Of course, failure at this age also involves plenty of social hurts, from failed friendships to feeling left out. Don’t expect your kid to have all the answers. If your child is shutting down, it’s your job to step in and say that’s enough, says Leahy. “If a friendship is fraught and the playdates are a disaster, you can cancel them,” says Leahy. “If the failure [of the friendship] is acute and hurting, take something away and load them up with your love.”
Tweens (ages 11–13)
By middle school, your child’s failures will likely take on higher stakes, from friendship fractures and social media mishaps to getting caught drinking or smoking pot. To help turn those failures into teachable moments, build your child’s autonomy in middle school, says Lahey. It pays off.
Nudge your child to take the lead instead of fixing problems for them, she adds. For example, if your child is having a problem in class, have your kid talk to their teacher (after you’ve let the teacher know your child needs to talk to them but is nervous. Then the teacher is aware a conversation is needed and will likely set up a low-stress situation to make it happen).
Helping grow your kid’s skills for self-advocacy helps them recover from a failure. It also helps them be less frustrated when things don’t go their way. Work by psychologist and researcher Wendy Grolnick shows that kids who have directive parents are less able to finish frustrating tasks when their parents aren’t around — bad news for an adult child who didn’t have the opportunity to fail when the stakes were low.
Sharing our own failures really helps, too, says Lahey. Tell them how it’s hard for you to receive negative feedback, and that it happened at work today and here’s what you did about it and how you felt. Showing your children that you fail, too, reminds them that you don’t expect perfection and, importantly, do accept them for who they are.
“It’s important that we love the child we have and not the child we wish we had, [and] that love isn’t based on a child’s performance,” says Lahey.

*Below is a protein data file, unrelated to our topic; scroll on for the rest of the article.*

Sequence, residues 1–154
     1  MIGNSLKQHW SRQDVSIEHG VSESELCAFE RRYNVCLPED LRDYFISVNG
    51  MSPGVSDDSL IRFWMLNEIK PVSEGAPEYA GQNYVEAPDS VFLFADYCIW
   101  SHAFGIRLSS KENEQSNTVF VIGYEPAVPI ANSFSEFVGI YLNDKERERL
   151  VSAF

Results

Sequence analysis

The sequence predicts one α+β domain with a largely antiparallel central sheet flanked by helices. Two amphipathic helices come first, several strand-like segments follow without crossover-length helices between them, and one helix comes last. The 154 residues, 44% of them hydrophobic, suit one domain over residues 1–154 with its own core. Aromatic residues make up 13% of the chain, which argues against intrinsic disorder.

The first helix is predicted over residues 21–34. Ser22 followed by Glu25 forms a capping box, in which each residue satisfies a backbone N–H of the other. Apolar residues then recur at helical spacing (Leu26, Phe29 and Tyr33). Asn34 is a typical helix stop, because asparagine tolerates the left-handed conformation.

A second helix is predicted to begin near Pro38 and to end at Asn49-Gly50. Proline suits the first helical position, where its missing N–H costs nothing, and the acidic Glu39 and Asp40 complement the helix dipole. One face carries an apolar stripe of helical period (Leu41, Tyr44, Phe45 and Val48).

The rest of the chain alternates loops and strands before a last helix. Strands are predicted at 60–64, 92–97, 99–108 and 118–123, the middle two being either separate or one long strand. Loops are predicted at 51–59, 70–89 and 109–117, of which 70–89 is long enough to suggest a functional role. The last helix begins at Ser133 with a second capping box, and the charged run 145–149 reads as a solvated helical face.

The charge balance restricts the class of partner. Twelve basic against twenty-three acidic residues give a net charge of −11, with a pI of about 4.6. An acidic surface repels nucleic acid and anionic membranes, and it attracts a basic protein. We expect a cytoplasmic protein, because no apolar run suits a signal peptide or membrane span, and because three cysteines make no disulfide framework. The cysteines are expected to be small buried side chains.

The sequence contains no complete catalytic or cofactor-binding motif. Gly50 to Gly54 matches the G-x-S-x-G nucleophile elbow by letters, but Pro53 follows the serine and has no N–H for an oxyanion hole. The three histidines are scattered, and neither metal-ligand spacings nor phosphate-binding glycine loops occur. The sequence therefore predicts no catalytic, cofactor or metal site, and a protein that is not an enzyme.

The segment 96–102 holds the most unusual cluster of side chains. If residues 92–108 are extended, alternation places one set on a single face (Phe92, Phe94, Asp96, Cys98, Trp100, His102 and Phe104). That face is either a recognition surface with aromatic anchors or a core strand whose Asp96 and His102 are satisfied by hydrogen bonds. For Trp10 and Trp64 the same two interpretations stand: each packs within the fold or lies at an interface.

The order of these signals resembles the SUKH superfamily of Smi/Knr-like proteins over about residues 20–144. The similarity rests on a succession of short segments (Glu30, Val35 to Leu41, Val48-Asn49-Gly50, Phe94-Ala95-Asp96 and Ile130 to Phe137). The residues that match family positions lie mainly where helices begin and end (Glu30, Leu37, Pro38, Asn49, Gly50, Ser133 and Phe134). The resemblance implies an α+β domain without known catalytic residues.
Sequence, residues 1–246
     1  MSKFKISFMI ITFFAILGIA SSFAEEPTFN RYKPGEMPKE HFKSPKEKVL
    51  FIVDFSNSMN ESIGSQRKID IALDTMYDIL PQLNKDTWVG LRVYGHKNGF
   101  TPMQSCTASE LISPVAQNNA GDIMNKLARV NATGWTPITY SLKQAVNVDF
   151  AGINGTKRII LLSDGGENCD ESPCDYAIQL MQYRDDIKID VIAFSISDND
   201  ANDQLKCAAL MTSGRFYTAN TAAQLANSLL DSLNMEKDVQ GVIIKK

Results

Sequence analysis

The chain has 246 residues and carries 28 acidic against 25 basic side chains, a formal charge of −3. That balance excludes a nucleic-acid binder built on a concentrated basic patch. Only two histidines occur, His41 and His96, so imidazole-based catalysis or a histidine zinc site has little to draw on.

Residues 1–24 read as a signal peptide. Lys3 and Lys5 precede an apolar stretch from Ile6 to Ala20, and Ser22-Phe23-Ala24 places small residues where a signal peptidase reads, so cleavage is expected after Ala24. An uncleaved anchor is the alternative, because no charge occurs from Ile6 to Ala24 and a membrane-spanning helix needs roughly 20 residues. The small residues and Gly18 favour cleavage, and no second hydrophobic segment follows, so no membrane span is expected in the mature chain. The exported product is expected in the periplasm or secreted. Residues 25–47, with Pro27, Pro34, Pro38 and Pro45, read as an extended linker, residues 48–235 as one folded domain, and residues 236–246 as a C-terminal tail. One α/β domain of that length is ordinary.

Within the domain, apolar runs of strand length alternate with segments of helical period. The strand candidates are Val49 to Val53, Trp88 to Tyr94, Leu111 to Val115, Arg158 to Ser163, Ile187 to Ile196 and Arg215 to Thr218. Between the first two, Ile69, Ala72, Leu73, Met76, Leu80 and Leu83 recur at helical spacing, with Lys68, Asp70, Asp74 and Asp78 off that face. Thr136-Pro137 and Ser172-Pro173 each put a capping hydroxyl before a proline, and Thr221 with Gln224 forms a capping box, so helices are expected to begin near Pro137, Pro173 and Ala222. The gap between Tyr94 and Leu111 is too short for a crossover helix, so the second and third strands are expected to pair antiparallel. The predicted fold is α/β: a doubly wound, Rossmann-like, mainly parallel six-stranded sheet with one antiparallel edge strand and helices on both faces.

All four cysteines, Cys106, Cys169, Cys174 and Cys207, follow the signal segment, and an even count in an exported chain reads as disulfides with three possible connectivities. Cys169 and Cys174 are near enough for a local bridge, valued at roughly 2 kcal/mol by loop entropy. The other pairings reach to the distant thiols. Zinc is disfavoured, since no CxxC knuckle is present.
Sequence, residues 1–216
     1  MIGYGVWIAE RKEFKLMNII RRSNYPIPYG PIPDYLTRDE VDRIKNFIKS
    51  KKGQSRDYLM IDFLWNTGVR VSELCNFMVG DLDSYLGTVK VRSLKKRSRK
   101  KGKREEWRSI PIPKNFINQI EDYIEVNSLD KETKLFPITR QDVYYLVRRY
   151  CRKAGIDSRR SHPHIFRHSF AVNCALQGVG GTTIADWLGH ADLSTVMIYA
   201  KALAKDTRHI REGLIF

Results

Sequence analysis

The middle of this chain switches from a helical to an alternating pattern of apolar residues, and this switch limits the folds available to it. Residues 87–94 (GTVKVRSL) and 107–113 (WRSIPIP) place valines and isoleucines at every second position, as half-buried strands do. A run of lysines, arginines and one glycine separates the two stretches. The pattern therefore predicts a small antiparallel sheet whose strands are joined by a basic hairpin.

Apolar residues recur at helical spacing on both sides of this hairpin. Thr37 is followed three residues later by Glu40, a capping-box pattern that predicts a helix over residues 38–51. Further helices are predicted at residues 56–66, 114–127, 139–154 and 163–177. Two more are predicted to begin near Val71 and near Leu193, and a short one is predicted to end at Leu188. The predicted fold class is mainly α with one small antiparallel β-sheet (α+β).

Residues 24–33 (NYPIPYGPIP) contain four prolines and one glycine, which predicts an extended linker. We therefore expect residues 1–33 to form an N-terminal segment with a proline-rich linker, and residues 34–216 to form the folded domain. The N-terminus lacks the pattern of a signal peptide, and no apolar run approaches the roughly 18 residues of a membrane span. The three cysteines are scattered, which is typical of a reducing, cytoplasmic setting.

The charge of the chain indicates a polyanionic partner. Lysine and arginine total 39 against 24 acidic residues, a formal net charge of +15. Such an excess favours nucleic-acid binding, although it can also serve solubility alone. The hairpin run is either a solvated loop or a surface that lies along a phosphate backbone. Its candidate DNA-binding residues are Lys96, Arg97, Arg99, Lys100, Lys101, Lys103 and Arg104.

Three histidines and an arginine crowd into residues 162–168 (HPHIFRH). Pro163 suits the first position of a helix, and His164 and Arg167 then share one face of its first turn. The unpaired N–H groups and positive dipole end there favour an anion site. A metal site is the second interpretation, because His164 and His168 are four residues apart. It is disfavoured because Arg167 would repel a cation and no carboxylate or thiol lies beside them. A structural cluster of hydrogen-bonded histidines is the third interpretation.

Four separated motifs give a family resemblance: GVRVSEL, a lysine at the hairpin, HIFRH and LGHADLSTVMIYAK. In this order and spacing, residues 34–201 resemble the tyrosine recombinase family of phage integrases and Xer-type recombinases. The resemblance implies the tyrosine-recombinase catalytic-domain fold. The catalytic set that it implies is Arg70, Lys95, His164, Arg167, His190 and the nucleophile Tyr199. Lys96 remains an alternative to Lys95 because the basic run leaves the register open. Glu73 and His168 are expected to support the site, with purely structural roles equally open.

Teens (ages 14–18)
Teens are known for the eleventh-hour, 10 p.m. cry for help with the (unwritten) essay or forgotten homework assignment, says psychologist Laura Kastner. But sometimes, she says, the hero is the parent who doesn’t come to the rescue.
“Parents need to be resilient, too,” she says. “[We need to let] kids experience getting an F instead of saving them, so next time they’ll figure out a different way of approaching a paper or test.”
Kastner hears from parents who worry that if they let their kids fail a test, their children won’t get into college. But she believes it’s better for the kid to fail now rather than have no experience at solving problems for themselves when they’re actually in college.
“Struggle is how we learn,” says Kastner, co-author of the ParentMap-published book “Getting to Calm.” “I know it’s hard, but it’s a parent’s job to let the child feel their own feelings so they can learn.”
It’s natural that we’d become anxious when they do, but rescuing them to relieve both them and ourselves just isn’t worth it. Instead, “Say, ‘I love you and believe in you,’ then let them handle it themselves, with some emotional support from you. When they have a little victory and tell you about it, celebrate with them,” says Kastner.
Lahey experienced a related struggle with her younger son, who, at age 9, kept forgetting his homework. The day she didn’t bring it to him, a teacher told him he needed to create his own reminder strategy. “He came up with a checklist on the fridge,” Lahey recalls. “I tried suggesting ways for him to [jog his memory] long before this, but he needed [to create] his own strategy.” Now 14, he’s still making checklists.
Parenting, Lahey adds, isn’t about the small, everyday emergencies. “It’s about this long-haul vision of who you want your kid to be when they leave your home,” she says. Wrap your mind around that and you’re well on your way to letting them fail in small but important ways.
Editor’s note: This article was originally published in 2018, and updated in October 2019.